JOHANNESBURG (miningweekly.com) - After an extensive restructuring, diversified miner Anglo American raised its dividend for the 2017 financial year to $1.02 a share - its highest dividend in nearly a decade.
The "fundamentally different business" nearly halved its debt to $4.5-billion and doubled its free cash flow by 93% to $4.9-billion in the year ended December 31.
The company, which has controlling stakes in diamond and platinum companies, as well as copper, coal, nickel and iron-ore interests, doubled its attributable profit to $3.2-billion for the year.
Operating profit grew to $5.5-billion from $1.7-billion the year before.
The company's underlying earnings before interest, taxes, depreciation and amortisation (Ebitda) of $8.8-billion was up by 45% year-on-year, with the company having achieved a return on capital employed of 19%.
"This is a significant improvement from where we started five years ago," Anglo American CEO Mark Cutifani said in a media conference call on Thursday.
He added that the solid returns were the result of the company "doing what we said we will do", while aiming to be more resilient, competitive and capable of delivering solid returns.
Anglo had 47% fewer assets in 2017, at 37, compared with 68 in 2012. Its assets in South Africa have decreased to 17 from 31.
Cutifani highlighted that the company had focused on generating more product, while productivity per person had improved by 28% last year alone. This, he enthused, was "the best single year we've ever had."
Since 2013, Anglo's productivity and net production per person has improved by 80%.
"Our cash flow is $6.6-billion higher than it was in 2012, and our return on capital import has gone from 9% to 19%," Cutifani noted.
Meanwhile, commenting on the actions taken by South Africa's newly-elected President Cyril Ramaphosa to get the economy back on the right track and to deal with the legislative uncertainty in the mining industry, he added that expectations remain high, however, the mining industry still has room for improvement.
"He's reached out to the mining industry and has made it clear that he sees mining as a key industry going forward in terms of revitalising and driving growth in the economy," Cutifani said.
Outside of Africa, he noted, Anglo was considering internal growth options and was likely to bring a partner into the up to $6-billion development of the greenfield Quellaveco copper project, in Peru.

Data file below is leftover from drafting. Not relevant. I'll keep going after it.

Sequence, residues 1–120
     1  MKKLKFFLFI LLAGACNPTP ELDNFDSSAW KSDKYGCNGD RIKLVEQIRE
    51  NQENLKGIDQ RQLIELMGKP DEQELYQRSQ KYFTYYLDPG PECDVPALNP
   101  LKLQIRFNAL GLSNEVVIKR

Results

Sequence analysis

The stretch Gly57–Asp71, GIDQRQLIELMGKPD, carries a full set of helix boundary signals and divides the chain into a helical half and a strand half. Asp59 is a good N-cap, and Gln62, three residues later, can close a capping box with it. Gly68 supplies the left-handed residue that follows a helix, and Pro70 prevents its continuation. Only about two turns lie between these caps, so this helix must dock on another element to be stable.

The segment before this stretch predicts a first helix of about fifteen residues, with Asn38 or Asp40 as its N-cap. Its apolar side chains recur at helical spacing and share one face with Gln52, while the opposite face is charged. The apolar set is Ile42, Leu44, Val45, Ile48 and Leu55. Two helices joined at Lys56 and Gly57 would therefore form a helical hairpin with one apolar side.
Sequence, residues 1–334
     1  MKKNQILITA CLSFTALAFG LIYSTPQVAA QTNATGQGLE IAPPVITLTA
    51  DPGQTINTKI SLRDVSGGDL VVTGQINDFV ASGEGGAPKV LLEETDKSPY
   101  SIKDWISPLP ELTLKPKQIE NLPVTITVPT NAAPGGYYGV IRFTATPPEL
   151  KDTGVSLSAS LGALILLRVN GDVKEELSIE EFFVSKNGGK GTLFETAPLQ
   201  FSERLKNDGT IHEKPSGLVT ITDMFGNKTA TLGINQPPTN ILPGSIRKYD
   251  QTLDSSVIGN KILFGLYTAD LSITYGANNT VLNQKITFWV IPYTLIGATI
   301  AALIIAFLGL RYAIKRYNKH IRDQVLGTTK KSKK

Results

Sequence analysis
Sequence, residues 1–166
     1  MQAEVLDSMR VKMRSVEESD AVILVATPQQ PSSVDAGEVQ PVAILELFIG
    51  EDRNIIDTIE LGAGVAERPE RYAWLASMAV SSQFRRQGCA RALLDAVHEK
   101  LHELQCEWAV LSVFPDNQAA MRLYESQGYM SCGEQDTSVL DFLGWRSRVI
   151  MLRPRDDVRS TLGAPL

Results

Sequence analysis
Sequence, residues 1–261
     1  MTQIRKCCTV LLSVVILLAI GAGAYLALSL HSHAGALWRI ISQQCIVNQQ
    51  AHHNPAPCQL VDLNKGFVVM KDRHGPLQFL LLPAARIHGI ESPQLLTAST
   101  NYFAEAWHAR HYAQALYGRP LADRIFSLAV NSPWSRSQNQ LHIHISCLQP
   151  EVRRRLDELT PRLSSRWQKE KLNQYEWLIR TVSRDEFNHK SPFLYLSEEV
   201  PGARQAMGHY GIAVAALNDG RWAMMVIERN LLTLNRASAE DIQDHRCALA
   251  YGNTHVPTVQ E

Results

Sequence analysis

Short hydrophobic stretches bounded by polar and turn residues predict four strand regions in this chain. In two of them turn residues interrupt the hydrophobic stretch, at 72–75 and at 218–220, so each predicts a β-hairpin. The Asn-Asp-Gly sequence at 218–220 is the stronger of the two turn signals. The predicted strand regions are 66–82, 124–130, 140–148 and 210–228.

"We're in talks with potential parties over the next few months, which will be included in the decision being taken to the board in June," he added.
Further, the Minas Rio iron-ore mine, in Brazil, which cost $13-billion to buy and build and which had put Anglo's balance sheet under immense pressure, secured licences on January 26 for the expansion of its mining footprint and its ramp-up to full production of 26.5-million tonnes in 2020.
There are also internal projects in metallurgical coal and diamonds in Namibia that Anglo is looking at for growth, as well as opportunities in platinum in South Africa. However, Cutifani mentioned that the company remains cautious when it comes to growth.
"Growth has been a dirty word in the industry for some time - and so it should be, because of the stupid things that a number of people have done in terms of investing in the wrong opportunities at the wrong time," he said, adding that Anglo's strategy is to match production to market demand and not overproduce minerals.
Looking forward, the company remains focussed on restructuring the business, while further improving efficiency and its capability to get the best out of its assets, which have an average life of 30 years.
"2017 has been a strong year and reflects the hard work that we've done. We've delivered on our commitments and we've shown what we can do as a business. We see significant opportunities moving forward, as we intend to continue building on the foundations that we have set and keep improving over the next three to five years."
In 2017, Anglo benefited from strong price improvements of 57% and 29% for metallurgical coal and copper respectively, while palladium prices increased 44%. Diamond prices, however, decreased by 13%.